Wednesday, May 22, 2013

The Brain Science Behind Learning

Students at the Center and the Jobs for the Future created this infographic: Brainy Approaches to Learning about the brain science behind learning. It is used to illustrate the research from the report "Mind, Brain and Research" that answers the questions:
  • What does brain research tell us about how we learn and how learning, in turn, shapes the architecture of the brain?
  • What is the connection between the stress of poverty and the impact of emotions on learning?
We divided the infographic in separate sections to explain in more detail how brain science behind learning supports the concept of Personalized Learning. When you review this and understand that each brain is unique and changes as it learns, personalizing learning makes sense.

The brain changes when you learn. This is called "neuroplasticity" which means that our brains continually change and grow as we learn new things. This means when you learn something new, your brain makes new connections. The cognitive neuroscience and brain imaging technology have discovered how malleable the brain is and has refuted the idea that a person's mind is fixed or static. In fact, it is dynamic and responsive to experiences throughout their life. 
[Source: “Expanding Our ‘Frames’ of Mind for Education and the Arts” by Jennifer Groff in Harvard Educational Review, Spring 2013 (Vol. 83, #1, p. 15-39),www.harvardeducationalreview.org]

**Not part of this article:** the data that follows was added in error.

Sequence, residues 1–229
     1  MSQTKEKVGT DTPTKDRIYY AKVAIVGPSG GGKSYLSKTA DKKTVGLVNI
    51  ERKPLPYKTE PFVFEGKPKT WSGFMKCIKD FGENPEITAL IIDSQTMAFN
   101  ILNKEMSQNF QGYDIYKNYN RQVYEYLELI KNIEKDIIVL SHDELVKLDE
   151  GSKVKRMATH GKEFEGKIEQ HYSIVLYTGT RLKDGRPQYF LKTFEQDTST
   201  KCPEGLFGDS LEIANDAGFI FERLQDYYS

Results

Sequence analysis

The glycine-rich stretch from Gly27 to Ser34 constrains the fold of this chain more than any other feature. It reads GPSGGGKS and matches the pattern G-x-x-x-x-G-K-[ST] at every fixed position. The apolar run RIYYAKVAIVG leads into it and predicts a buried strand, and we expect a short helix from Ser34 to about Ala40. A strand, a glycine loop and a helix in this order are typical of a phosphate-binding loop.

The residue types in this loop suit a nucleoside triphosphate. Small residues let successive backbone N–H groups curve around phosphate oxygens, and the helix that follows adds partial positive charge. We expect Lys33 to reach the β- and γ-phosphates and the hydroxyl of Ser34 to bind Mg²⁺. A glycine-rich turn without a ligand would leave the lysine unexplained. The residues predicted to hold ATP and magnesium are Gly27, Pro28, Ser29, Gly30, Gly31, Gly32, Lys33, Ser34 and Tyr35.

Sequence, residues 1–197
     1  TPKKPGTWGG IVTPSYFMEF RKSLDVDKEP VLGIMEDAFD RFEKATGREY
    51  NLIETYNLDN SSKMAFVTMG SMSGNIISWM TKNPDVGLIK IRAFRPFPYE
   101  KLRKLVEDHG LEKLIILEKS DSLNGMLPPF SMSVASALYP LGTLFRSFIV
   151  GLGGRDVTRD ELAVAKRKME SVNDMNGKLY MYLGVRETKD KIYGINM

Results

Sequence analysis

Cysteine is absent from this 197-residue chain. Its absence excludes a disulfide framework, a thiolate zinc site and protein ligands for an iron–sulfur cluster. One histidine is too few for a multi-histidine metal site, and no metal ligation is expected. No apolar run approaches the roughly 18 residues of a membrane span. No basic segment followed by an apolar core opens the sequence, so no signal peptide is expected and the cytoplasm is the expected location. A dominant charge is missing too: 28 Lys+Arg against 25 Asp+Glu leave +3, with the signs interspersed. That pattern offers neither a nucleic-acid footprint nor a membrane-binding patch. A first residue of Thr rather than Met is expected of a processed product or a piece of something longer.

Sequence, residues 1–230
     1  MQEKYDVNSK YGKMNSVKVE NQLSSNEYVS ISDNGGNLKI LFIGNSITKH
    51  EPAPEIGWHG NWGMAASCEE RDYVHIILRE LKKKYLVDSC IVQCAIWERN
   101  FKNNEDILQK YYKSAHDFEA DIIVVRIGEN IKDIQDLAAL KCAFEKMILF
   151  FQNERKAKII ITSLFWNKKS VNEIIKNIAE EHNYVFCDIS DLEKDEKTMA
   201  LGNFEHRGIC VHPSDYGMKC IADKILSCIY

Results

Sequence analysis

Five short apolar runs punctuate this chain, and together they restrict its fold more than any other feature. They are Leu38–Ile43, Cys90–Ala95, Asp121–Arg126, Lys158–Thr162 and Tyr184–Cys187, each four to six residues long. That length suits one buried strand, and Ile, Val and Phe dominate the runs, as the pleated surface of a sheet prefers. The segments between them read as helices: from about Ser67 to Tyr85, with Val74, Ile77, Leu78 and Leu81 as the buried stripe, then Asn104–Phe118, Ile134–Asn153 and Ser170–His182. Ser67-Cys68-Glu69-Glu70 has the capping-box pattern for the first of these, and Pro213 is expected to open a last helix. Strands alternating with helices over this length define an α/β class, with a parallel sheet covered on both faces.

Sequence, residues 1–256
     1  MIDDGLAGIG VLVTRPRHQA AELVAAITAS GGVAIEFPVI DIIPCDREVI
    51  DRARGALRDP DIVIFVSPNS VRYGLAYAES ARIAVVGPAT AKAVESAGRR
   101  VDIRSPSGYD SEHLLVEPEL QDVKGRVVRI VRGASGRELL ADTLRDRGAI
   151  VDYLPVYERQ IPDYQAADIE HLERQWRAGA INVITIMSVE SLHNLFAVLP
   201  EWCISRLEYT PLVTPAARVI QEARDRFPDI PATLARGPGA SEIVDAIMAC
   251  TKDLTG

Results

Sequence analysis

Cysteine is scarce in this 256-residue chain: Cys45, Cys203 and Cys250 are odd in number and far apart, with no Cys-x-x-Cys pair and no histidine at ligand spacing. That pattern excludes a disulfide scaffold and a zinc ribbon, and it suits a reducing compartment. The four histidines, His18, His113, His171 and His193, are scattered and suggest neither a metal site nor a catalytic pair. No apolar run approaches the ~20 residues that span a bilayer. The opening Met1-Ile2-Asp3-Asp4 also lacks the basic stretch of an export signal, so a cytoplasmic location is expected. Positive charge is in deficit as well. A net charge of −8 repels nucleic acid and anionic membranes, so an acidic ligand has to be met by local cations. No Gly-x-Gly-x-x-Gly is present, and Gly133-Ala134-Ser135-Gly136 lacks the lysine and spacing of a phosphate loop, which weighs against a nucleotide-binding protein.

You learn when your brain is active. Your brain is even active when you reflect on your learning. It is all about experiencing learning in an active role. It is about how we help learners develop questions about the information they read or hear; an inquiring mind that wonders, discovers, questions and expands their thinking. An active mind that has a growth mindset is one that knows how to learn, unlearn and relearn.


Learning happens all the time not just in school. All of us started out as learners or we would not have walked and talked. It is in our DNA. You are having experiences all day long when you plan, when you read, when you are in a conversation with someone. With the advent of mobile devices as a standard tool, learning can and should take place, anytime and anywhere. Accessibility for all learners will be instrumental for this to happen.


The principles of Universal Design for Learning (UDL) provides a lens for teachers to understand how learners learn best; their strengths, challenges, aptitudes, interests and yes, their passions. With this understanding, teachers are better informed in how to universally- design their instruction that can reduce barriers to learning as well as optimize the levels of support and challenge to meet the needs and interests of all learners in the classroom. 
(Universal Design for Learning is a registered trademark of CAST-www.cast.org)


It is all about the learner and learner-centered approaches. Here is just a glimpse of what that could look like and mean. Understanding how each learner is motivated and engaged is central in designing learner-centered environments. The essential elements in creating learning environments that provide motivation and engagement is to give the learner voice and choice in the learning so that they have a stake in what they learn and how they learn. In this new learning environment, the role of the teacher and learner changes. The teacher's role changes to one as a co-designer, facilitator and partner in learning. For the learner, they learn how to co-design lessons and assessments and ultimately direct their own learning, always reflecting on their learning to demonstrate mastery.



We want to thank Jobs for the Future and Students at the Center for giving us permission to share this infographic and the work they are doing on student-centered learning.